Although a vast majority of strokes occur in people over age 65 (the risk is 30 to 50 per 1,000 in this age group), 10 percent to 15 percent affect people age 45 and younger (a risk of 1 in 1,000). A study by doctors at the Wayne State University-Detroit Medical Center Stroke Program found that among 57 young stroke victims, one in seven were given a misdiagnosis of vertigo, migraine, alcohol intoxication, seizure, inner ear disorder or other problems — and sent home without proper treatment.
“Although young stroke victims benefit the most from early treatment, it must be administered within four and a half hours,” said Dr. Seemant Chaturvedi, a neurologist at Wayne State who directs the program and led the study. “After 48 to 72 hours, there are no major interventions available to improve stroke outcome.”
“Symptoms that appear suddenly, even if they seem trivial, warrant a meticulous work-up,” he added.
Follow-up analyses of the Detroit study showed that patients seen by a neurologist in the emergency room, as well as those who were given an M.R.I. as part of the initial work-up, were less likely to receive a misdiagnosis.
“Patients, too, should be aware of the risk of stroke regardless of their age,” Dr. Chaturvedi said in an interview.
The Centers for Disease Control and Prevention have reported a steep increase in strokes among people in their 30s and 40s. A rise in risk factors — obesity, diabetes, high blood pressure and sleep apnea — and improved diagnosis account for this upturn.
But younger patients are no better today at recognizing the symptoms of stroke. “Only 20 to 30 percent of patients get to the emergency room within three hours of symptom onset,” Dr. Chaturvedi said. “They tend to wait to see if the symptoms will go away spontaneously, and they show up in the E.R. 12 to 24 hours later.”
A Cautionary Tale
After an intense workout in the surf the day before, Mr. McGee awoke one morning with a headache and feeling out of sorts. He went to work but came home nauseated and chilled. He assumed he’d come down with the flu his family had just had.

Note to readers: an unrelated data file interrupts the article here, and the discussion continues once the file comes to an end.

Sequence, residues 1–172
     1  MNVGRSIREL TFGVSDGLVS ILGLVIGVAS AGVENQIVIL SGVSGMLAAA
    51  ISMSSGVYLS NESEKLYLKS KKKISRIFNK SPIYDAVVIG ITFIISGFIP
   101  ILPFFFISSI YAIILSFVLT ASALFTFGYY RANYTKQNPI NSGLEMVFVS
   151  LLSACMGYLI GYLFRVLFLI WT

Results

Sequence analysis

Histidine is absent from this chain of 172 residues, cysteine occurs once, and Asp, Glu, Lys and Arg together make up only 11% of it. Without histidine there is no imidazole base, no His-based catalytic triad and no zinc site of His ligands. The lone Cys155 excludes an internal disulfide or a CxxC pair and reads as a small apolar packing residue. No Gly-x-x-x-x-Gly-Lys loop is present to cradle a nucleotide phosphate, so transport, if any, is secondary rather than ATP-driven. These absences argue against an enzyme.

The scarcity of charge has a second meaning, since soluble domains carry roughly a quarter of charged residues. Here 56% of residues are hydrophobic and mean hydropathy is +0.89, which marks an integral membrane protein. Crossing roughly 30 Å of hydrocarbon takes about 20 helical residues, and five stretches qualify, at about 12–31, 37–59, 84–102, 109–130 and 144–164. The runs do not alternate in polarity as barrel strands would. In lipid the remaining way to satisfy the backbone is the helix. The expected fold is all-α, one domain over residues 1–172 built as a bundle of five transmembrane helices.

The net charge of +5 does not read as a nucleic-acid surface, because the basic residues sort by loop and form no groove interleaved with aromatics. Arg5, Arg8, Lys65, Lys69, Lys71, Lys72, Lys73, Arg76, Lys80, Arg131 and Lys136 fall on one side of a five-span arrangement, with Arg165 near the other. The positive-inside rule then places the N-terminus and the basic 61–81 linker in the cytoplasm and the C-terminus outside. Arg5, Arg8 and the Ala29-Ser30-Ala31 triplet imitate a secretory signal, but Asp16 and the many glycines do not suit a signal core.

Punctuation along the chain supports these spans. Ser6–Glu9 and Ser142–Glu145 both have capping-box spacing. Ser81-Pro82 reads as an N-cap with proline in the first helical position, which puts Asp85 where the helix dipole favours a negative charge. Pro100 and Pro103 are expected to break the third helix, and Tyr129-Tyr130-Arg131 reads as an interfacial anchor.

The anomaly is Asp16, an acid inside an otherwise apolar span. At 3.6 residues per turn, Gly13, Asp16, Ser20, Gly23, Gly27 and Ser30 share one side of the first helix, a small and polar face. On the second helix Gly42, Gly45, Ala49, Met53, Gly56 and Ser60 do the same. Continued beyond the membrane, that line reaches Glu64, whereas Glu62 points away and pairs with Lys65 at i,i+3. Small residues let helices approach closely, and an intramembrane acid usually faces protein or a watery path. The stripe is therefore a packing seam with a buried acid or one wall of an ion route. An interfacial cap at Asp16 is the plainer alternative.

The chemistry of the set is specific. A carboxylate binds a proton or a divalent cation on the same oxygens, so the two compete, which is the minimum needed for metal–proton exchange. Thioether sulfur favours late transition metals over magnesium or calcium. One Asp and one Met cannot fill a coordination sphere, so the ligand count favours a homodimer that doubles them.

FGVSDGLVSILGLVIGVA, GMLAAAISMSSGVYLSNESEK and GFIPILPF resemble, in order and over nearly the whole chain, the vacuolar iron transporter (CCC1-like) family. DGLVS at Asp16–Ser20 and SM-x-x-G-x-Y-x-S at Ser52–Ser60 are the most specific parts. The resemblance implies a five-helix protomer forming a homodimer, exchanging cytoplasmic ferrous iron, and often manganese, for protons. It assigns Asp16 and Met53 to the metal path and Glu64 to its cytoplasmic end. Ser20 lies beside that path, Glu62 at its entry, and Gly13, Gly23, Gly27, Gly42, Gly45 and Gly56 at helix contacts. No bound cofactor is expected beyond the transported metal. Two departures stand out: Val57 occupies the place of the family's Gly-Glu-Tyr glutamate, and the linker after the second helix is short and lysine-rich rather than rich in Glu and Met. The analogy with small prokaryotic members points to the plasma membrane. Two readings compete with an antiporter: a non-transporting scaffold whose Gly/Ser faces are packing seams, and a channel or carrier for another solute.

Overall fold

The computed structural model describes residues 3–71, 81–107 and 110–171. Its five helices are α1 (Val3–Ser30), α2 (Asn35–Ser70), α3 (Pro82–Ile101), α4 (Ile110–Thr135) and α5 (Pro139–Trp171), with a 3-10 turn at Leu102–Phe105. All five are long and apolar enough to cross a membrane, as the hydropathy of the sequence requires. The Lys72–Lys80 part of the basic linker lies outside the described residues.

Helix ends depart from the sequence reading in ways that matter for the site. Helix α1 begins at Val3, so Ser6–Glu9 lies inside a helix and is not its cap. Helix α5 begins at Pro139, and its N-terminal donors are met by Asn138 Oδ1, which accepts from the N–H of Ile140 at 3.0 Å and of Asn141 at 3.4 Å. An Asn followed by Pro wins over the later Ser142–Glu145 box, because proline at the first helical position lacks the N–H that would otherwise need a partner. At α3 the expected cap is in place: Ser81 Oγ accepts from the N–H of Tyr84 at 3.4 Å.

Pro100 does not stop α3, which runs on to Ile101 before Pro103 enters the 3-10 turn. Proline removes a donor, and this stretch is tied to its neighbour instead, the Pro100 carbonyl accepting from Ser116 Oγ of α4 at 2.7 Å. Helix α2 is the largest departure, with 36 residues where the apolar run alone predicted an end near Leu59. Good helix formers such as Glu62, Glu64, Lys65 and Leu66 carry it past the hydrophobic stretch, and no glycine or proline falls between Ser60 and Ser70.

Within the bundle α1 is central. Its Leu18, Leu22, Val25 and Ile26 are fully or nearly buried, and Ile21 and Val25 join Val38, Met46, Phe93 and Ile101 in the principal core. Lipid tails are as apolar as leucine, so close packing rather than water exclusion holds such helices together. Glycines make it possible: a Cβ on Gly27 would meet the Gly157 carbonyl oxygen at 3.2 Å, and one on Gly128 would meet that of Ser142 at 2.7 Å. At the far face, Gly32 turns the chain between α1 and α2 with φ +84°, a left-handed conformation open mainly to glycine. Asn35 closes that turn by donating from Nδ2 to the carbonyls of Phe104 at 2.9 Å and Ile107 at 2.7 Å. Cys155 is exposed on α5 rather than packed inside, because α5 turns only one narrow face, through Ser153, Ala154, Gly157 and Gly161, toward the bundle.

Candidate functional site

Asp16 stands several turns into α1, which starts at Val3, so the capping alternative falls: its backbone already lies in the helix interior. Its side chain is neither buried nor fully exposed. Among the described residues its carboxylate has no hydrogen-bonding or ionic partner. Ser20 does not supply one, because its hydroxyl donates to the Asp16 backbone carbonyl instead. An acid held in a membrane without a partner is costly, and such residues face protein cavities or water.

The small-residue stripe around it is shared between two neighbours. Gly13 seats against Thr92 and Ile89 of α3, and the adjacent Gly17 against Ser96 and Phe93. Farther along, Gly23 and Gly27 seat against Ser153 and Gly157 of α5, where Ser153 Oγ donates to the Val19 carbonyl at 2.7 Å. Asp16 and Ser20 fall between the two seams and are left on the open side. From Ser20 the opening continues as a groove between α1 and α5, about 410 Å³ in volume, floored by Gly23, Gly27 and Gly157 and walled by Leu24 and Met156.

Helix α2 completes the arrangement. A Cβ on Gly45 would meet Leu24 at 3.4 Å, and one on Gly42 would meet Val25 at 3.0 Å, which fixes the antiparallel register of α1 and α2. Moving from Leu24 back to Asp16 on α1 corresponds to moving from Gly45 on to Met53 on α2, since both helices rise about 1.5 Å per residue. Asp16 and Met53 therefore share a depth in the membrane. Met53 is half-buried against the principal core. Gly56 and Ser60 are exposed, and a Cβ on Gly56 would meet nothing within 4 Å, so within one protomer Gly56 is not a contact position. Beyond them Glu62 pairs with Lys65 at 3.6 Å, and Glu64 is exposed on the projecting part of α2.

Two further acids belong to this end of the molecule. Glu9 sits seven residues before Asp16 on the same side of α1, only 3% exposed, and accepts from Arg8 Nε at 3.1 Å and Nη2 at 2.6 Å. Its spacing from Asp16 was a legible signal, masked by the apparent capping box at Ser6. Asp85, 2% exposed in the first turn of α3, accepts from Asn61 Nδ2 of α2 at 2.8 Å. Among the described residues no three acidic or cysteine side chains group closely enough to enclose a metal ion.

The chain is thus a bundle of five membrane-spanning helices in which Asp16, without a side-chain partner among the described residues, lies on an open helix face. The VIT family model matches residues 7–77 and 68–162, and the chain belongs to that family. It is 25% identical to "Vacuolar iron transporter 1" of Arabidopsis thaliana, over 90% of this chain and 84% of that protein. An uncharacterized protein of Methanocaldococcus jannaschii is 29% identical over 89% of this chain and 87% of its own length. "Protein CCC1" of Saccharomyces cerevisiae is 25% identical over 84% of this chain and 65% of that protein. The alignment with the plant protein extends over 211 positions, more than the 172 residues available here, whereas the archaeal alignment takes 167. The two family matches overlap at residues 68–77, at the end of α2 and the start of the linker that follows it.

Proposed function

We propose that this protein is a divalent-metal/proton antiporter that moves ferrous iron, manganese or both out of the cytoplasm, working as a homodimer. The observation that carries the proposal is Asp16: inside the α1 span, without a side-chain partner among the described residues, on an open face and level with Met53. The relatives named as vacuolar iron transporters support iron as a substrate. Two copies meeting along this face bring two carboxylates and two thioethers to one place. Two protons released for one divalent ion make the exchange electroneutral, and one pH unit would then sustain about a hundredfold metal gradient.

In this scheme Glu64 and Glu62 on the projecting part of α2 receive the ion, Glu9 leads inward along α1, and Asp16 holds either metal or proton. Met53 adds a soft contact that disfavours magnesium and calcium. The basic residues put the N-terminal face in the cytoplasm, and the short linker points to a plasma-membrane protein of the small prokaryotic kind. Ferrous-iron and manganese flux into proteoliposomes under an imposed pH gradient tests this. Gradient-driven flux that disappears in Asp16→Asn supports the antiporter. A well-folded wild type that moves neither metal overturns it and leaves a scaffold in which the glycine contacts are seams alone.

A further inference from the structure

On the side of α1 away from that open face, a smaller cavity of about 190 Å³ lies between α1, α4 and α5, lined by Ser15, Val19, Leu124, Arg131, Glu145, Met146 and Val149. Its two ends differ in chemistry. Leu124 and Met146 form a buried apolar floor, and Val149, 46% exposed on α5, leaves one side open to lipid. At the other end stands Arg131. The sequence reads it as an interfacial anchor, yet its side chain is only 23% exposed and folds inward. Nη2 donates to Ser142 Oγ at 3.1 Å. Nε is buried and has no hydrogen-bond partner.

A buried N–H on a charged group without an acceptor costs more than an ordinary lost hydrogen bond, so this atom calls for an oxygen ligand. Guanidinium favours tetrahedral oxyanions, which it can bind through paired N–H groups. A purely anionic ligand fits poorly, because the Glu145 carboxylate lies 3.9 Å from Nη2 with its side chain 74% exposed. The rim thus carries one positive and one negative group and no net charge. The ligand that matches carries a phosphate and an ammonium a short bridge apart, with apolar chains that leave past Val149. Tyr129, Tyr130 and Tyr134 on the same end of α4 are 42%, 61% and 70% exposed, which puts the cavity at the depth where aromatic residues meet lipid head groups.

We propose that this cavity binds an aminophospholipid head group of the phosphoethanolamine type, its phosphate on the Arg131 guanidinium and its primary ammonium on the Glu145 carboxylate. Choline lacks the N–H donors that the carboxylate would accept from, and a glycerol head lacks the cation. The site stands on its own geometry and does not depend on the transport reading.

Then in the middle of the night, a headache he described as “the worst pain of my life” prompted a trip to the emergency room. The attending doctor thought Mr. McGee had a muscle tension headache, treated him with intravenous pain medication, handed him some pain pills and sent him home.
Embarrassed that he’d gone to the hospital “for just a headache,” Mr. McGee took the pills when the pain returned the next afternoon. Soon after, he suffered what he thought were side effects from the medicine. Now he knows what it really was: a transient ischemic attack, a mini-stroke, that left him briefly unable to speak and numb on one side.
That night, he fell out of bed trying to get to the bathroom and lost bladder control en route. One arm, he found, had begun flapping uncontrollably. He returned to the E.R., where two doctors ordered a CT scan that suggested either a severe migraine or a stroke. At the time the hospital had no M.R.I. equipment, which could have revealed the real problem: a stroke resulting from a tear in the carotid artery, which feeds the brain.
By the time an ambulance and ferry got Mr. McGee to Boston, where the diagnosis of stroke was confirmed, it was much too late for the clot-busting drug tPA to ameliorate the stroke’s effects; the drug must be given intravenously within three or four hours. (Although some doctors are concerned that tPA can cause fatal bleeding in a person with a torn carotid, Dr. Chaturvedi said the drug is “safe and effective” in such patients.)
Repeated blows from surfing, possibly combined with an inherent arterial weakness, are believed responsible for Mr. McGee’s stroke. Other activities that can cause a carotid tear are those that involve sudden neck jerks, including scuba diving, golf and tennis, as well as chiropractic manipulation and bending the head sharply back (the so-called beauty parlor stroke).